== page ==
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Chapter 11

MGTB23 Chapter 11 Study Guide

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Department
Management (MGH)
Course
MGHB02H3
Professor
Hugh Mac Donald
Semester
Winter

Description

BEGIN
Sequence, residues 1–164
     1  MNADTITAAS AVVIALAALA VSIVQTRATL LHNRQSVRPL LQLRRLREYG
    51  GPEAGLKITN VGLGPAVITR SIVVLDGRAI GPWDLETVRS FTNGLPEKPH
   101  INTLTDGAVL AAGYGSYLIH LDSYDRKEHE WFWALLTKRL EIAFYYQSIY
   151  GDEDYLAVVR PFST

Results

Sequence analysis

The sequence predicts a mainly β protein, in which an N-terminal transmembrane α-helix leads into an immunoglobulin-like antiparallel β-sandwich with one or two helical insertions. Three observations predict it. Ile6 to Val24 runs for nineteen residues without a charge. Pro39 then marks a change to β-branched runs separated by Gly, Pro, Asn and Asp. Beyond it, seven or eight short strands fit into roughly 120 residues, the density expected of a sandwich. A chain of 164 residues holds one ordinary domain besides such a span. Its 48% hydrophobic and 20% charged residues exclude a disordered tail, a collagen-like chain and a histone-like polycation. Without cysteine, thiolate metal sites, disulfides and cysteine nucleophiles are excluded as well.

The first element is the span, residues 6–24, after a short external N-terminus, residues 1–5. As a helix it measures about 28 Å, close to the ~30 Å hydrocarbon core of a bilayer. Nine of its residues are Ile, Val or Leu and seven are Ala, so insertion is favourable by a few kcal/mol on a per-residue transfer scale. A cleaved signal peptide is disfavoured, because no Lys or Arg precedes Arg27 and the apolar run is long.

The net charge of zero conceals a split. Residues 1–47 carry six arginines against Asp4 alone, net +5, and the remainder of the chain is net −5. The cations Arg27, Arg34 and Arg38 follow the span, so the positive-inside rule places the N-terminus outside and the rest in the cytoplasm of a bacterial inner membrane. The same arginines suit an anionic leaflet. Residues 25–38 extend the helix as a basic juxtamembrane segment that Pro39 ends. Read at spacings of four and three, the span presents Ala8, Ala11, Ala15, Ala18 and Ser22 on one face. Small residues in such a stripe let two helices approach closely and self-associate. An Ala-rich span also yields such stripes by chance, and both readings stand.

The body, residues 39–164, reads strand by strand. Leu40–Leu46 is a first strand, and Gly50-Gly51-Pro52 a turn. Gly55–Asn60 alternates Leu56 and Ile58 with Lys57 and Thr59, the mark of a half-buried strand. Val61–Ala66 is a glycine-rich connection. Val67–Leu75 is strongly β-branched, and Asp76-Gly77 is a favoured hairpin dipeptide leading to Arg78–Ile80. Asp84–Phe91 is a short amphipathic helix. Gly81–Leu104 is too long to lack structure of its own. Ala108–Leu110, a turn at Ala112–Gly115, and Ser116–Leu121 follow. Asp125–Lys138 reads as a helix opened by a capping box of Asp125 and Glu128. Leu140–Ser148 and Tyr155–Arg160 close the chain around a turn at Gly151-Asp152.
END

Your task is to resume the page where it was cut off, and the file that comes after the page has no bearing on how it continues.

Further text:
CHAPTER 11 I. What is Decision Making? Decision making is the process of developing a commitment to some course of action. This is a process that involves making a choice, and it also involves making a commitment of resources such as time, money or personnel. A problem exists when a gap is perceived between some existing state and some desired state. Decision making is also a process of problem solving. A. Well-Structured Problems In a well-structured problem, the existing state is clear, the desired state is clear, and how to get from one state to the other is fairly obvious. Organizations prefer a program or standardized way of solving a problem when dealing with well-structured problems. Programs short-circuit the decision-making process by enabling the decision-maker to go directly from problem identification to solution. Many of the problems encountered in organizations are well structured and programmed. Decision making is a useful means of solving these problems. B. Ill-Structured Problems In an ill-structured problem, the existing and desired states are unclear, and the method of getting to the desired state is unknown. These problems are usually unique, complex, and have not been encountered before. Ill-structured problems cannot be solved with programmed decisions. In dealing with these problems, organizations use non-programmed decision making which means that they will gather more information and be more self-consciously analytical in their approach. Ill-structured problems can entail high risk and stimulate political considerations. II. The Complete Decision Maker A Rational Decision-Making Model When a rational decision maker identifies a problem, he or she is likely to search for information to clarify the problem and suggest alternatives; evaluate the alternatives and choose the best for implementation. The implemented solution is then monitored over time to ensure its immediate and continued effectiveness. If difficulties occur at any point in the process, repetition or recycling may be effected. A. Perfect versus Bounded Rationality Perfect rationality involves a decision strategy that is completely informed, perfectly logical, and oriented toward economic gain. While useful for theoretical purposes, these characteristics do not exist in real decision makers. According to Herbert Simon, administrators use bounded rationality rather than perfect rationality. While they try to act rationally, they are limited in their capacity to acquire and process information, and time constraints and political considerations also act as bounds to rationality. Framing and cognitive biases illustrate the operation of bounded rationality. Framing refers to aspects of the presentation of information about a problem that are assumed by decision makers. How problems and decisions are framed can have a powerful impact on resulting decisions. Cognitive biases are tendencies to acquire and process information in an error-prone way. They involve assumptions and shortcuts that can improve decision making efficiency but frequently lead to serious errors in judgment. B. Problem Identification and Framing www.notesolution.com
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